Kansas City is a network of vibrant neighborhoods: Westport, Brookside, Crossroads, River Market and more. But these dynamic areas did not develop on their own. Neighborhoods take time; they take people who see opportunity. Our Fall 2017 issue of our alumni magazine, Res Ipsa, explores the lives of alumni and faculty who are working to develop housing and community spaces for those in need. In one article, “Reimagining the City,” Vincent “Butch” Rigby explains how Brookside East came to be and what he dreams for Kansas City.

In a plain building off 31st Street, a block east of Troost, Walt Disney imagined a mouse named Mickey while working at one of his first entrepreneurial endeavors — the Laugh-O-Gram Studio. In the early 2000s, Butch Rigby (J.D. ’85), real estate developer of Film Row LLC, Disney historian and chair of Thank You, Walt Disney Inc., prevented the building from being torn down. It was one of his many endeavors in kindling the magic of Kansas City, old and new.

“There are three things I love more than anything,” Rigby says, “the movies, real estate, and architecture.”

Screenland Theatres, Rigby’s other company, started when he decided to revive Film Row, where single-screen movie palaces once lit up the south end of downtown Kansas City. Those theaters were the match that lit the fire for the Crossroads Arts District.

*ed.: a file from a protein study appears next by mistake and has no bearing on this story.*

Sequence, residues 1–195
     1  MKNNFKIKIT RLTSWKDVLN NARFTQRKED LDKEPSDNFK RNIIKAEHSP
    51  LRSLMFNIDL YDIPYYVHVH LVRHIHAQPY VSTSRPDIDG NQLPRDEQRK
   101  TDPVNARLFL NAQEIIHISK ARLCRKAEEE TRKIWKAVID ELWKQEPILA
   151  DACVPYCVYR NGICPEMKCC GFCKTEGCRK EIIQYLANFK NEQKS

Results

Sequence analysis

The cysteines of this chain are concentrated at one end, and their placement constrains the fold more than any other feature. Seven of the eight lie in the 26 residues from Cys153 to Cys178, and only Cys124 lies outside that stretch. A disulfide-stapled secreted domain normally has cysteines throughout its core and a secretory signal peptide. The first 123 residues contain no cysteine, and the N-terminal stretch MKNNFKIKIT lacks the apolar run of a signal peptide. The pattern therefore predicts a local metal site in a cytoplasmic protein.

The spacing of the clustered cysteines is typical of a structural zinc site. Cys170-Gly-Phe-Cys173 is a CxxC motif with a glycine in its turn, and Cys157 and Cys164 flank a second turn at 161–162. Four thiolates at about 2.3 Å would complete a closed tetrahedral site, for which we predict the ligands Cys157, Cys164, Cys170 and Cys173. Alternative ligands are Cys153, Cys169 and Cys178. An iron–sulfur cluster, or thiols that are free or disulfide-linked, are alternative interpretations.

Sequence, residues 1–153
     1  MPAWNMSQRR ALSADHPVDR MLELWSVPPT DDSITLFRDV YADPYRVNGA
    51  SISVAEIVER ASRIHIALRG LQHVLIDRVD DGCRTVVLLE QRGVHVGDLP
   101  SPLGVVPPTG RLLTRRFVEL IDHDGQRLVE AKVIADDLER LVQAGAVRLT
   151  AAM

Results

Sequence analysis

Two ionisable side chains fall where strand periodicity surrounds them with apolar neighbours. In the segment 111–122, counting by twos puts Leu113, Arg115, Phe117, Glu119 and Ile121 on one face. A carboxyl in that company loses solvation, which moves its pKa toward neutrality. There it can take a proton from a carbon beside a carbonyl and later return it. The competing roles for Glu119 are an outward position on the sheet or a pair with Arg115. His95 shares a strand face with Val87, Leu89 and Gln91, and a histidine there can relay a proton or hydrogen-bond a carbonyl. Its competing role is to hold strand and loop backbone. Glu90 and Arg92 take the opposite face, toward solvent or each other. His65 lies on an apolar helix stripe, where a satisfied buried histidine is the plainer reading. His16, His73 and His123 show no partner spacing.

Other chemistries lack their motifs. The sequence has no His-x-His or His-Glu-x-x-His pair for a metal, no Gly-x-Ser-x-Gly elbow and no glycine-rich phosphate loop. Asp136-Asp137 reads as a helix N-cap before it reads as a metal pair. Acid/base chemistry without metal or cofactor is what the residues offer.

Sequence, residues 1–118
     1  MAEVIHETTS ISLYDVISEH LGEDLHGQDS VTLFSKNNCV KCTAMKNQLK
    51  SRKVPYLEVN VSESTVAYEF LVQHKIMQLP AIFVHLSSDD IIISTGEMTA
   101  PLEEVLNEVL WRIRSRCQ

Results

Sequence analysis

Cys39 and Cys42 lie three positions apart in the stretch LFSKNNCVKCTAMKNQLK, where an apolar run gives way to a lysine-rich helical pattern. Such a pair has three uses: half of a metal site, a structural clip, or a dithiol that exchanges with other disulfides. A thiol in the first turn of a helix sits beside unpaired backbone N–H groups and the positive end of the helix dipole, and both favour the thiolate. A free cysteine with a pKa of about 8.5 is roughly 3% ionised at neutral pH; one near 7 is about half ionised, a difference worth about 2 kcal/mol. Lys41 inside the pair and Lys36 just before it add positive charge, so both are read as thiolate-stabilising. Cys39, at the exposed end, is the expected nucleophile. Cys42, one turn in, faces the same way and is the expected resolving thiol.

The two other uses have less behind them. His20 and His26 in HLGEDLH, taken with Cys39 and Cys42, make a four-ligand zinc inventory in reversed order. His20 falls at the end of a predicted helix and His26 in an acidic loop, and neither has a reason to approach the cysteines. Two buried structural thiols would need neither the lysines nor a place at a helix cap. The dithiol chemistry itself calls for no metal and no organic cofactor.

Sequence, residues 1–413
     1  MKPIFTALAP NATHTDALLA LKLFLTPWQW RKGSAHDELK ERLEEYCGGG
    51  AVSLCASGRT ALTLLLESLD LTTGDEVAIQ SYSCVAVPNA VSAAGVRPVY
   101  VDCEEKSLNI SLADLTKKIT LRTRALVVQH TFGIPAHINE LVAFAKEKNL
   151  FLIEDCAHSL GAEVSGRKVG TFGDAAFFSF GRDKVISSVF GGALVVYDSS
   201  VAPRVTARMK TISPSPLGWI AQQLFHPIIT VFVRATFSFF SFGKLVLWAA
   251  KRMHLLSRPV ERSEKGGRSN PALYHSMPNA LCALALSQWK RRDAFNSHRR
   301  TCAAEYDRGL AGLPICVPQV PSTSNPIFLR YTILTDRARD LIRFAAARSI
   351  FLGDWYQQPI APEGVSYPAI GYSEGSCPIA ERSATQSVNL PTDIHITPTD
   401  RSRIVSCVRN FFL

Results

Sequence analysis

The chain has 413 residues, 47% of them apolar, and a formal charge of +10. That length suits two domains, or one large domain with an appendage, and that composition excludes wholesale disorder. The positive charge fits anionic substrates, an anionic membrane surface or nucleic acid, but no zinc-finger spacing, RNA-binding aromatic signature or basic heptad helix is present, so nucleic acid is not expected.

Rigby’s current aspirations revolve around East 63rd Street, toward Troost and Prospect avenues. When Rigby discovered the neglected area, he saw potential, but there was one problem: It was 85 percent vacant. “The neighborhoods around 63rd are phenomenal,” Rigby says of the quiet area just east of the bustle of Brookside.

All it needed, Rigby thought, was a little synergy to get things started.

Rigby started with a three-story building at 601 E. 63rd Street. The red brick was replaced with glass, giving each office space in the 30,000-square-foot building a view of the trees. He purchased additional buildings, which led to new businesses: Brookside Gardens, Unbakery and Juicery, Pure Pilates, and canihaveabite.

Suddenly, Brookside East was a branded neighborhood with 100 percent occupancy. Ultimately, Rigby wants to push Brookside East toward Troost and Prospect. Rigby believes people must be comfortable visiting the Troost Corridor – long an ethnic and economic line in Kansas City – and it could become a stronger small business environment.

“History in Kansas City is so important,” Rigby says. “I would have no joy in commercial real estate. I love restoring old buildings.”

Read more about Butch Rigby and how other community partners, including students and professors at UMKC School of Law, are pursuing restoring Kansas City